• “Show me social activity by customer, social media channel, subject area, sentiment, number of likes/favorites, number of shares/retweets, number of engaged personnel, time of day, and day of week”
  • “I want to track hospital admissions by disease class, zip code, patient demographics, hospital size, payer, area demographics and day of week“
  • “I want to compare current versus previous maintenance issues by turbine, turbine manufacturer, maintenance person, date last serviced and weather conditions”

By Analysis Exercise

So the question that I posed to the class was the following:  “At what levels of detail would you want to understand LeBron’s shooting percentages or performance in order to increase the probability of your defense containing LeBron?”  The list below (as well as the image in Figure 3) shows some of the variables that the students came up with:

  • Opposing team
  • Defender
  • Game location
  • Home or Away game
  • Game location’s elevation
  • Game time weather
  • Game time temperature
  • Game time humidity
  • Time (hours) since last game
  • Average time of ball possession
  • Time left in game
  • Total minutes played in game
  • # of shots attempted
  • # of shots made
  • Location of shots attempted
  • Location of shots made
  • Volume of boo’s
  • # of Fouls
  • # of Assists
  • Playing a former team
  • Time of day
  • Record of opponent
  • Feelings toward opponent
  • Last game’s performance
  • # of negative twitter comments
  • Stadium temperature
  • Stadium humidity
  • # of fans in attendance
  • # of Lebron jerseys in attendance

 

Yes we use a chalkboard.  Feels so old school!!

Figure 3: Yes we use a chalkboard. Feels so old school!!

What was interesting about this exercise (besides the depth and breadth of the suggested variables to better predict LeBron James’s performance) was the opportunity to combine variables to create potentially even more predictive, composite metrics.  To create this composite metrics required another round of brainstorming to understand what it was we were trying to predict.  For example, we wanted to understand and predict LeBron’s:

  • Tired Index.  This metric would be used to measure how tired LeBron is at different times of the game.  This index could be a combination of the following metrics: hours since last game, minutes handling ball, number of shots taken, time remaining in game, away or home game and minutes played in game.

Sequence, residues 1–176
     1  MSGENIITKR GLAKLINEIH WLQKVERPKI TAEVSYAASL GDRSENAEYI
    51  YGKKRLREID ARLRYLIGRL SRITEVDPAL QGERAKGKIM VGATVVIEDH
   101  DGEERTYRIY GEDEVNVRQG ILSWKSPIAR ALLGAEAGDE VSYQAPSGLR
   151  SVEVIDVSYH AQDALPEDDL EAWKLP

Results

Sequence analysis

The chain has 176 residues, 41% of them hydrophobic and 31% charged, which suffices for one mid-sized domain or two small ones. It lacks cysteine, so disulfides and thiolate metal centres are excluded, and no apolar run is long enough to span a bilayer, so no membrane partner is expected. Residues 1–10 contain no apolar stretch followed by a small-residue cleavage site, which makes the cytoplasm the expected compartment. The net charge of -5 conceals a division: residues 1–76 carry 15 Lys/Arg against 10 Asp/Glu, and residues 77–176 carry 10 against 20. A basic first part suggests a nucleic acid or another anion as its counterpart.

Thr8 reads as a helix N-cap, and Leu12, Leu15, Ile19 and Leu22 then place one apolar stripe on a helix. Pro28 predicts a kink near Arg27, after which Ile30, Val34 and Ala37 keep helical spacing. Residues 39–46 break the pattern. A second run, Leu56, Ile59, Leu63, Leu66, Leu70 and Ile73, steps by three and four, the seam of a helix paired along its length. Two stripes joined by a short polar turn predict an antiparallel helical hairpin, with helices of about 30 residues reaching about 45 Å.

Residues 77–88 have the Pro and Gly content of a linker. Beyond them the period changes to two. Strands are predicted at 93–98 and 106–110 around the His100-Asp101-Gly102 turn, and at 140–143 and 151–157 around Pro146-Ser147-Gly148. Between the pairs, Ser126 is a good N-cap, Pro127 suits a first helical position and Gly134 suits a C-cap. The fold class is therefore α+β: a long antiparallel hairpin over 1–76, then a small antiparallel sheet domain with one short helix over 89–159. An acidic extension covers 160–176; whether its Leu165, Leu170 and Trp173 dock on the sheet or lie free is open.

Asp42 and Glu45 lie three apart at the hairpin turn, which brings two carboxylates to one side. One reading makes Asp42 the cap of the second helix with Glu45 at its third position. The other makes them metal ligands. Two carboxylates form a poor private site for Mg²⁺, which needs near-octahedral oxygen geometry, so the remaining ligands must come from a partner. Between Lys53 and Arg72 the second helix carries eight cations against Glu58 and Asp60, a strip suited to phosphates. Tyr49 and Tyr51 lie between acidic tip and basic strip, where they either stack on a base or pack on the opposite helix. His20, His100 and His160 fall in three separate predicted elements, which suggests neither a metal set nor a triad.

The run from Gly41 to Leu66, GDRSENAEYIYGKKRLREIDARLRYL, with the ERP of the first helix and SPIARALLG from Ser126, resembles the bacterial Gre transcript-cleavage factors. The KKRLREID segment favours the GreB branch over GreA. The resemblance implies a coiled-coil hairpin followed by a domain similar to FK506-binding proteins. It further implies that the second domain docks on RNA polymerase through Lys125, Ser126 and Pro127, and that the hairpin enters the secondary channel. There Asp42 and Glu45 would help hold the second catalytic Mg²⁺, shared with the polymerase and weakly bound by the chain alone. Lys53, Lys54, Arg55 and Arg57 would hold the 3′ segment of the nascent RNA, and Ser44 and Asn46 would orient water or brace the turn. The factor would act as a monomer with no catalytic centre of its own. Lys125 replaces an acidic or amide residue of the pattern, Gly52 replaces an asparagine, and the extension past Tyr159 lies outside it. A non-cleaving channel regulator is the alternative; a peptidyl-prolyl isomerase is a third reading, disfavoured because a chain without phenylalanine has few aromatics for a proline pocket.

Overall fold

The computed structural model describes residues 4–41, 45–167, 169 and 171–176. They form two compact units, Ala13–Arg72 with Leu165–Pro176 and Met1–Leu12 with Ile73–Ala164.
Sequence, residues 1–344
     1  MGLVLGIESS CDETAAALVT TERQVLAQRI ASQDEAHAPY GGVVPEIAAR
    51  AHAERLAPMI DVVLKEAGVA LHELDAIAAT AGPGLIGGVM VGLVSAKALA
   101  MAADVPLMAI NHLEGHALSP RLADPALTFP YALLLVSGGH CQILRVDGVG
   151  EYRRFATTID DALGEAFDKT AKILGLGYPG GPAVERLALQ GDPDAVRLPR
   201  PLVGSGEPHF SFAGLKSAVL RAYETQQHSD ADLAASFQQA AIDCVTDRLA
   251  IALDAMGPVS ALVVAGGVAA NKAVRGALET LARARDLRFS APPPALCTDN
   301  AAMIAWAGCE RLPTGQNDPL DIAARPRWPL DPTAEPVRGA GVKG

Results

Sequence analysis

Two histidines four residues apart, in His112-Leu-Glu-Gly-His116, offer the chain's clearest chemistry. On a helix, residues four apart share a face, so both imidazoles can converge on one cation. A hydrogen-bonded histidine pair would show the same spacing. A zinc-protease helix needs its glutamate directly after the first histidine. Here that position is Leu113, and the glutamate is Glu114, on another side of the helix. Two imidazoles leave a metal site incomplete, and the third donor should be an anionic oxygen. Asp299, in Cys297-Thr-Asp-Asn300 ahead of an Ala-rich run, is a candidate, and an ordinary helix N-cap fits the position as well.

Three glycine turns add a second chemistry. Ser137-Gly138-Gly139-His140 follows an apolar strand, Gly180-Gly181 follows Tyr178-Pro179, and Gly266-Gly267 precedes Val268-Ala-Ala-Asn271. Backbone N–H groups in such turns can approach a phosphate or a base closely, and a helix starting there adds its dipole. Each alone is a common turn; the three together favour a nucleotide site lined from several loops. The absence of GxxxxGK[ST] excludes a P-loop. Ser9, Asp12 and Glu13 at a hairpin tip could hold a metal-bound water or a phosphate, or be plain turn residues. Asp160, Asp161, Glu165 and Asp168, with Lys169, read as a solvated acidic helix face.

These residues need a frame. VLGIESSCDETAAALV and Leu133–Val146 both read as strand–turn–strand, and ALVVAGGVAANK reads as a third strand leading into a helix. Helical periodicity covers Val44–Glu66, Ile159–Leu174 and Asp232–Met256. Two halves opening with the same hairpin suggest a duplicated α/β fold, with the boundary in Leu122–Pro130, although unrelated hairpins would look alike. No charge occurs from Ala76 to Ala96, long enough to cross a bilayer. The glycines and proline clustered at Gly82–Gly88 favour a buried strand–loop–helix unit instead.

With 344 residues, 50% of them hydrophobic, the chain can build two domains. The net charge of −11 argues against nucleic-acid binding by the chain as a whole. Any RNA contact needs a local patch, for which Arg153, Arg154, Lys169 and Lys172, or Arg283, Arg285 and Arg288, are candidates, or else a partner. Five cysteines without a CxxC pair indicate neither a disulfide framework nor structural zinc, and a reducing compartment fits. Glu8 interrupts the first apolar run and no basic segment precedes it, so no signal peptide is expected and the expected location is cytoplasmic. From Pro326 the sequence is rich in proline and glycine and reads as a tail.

• Motivation Index.  This index would be a measure of how “motivated” LeBron is for this particular game, and how hard he is willing to push himself to get the win.  This index could be a combination of the following metrics: game’s performance, record of opponent, defender, volume of boos, playing a former team and number of LeBron jerseys in the stands.

For example, updating LeBron’s Tired Index throughout the game (since many of the supporting metrics change during the game) can lead to in-game recommendations regarding defenders, defensive scheme, double-teaming, denying him the ball and pressing him on the perimeter.

It is interesting how the combination of multiple minor measures has the potential to yield a much more actionable and predictive measure.  And while many of these variables may be correlated with each other, in combination those correlations actually work to one’s advantage to create better predictive metrics that can used to drive actionable recommendations.

Summary

The By Analysis is a useful tool in not only helping to understand the key metrics and dimensions of the business, but can yield insights into areas of the business ripe for analysis.  And when you consider how various KPIs can be grouped from a business perspective, you might find opportunities to leverage the results of the By Analysis to create new composite metrics (or scores / indices) that are better predictors of overall strengths or weaknesses.

The By Analysis is an exercise that you can leverage with your business stakeholders to unlock new insights and help guide your strategic initiatives. Regardless of your industry, you can integrate predictive metrics in this manner to optimize your key business processes and uncover new monetization opportunities. It’s your data – you just need to decide what you want to do with it.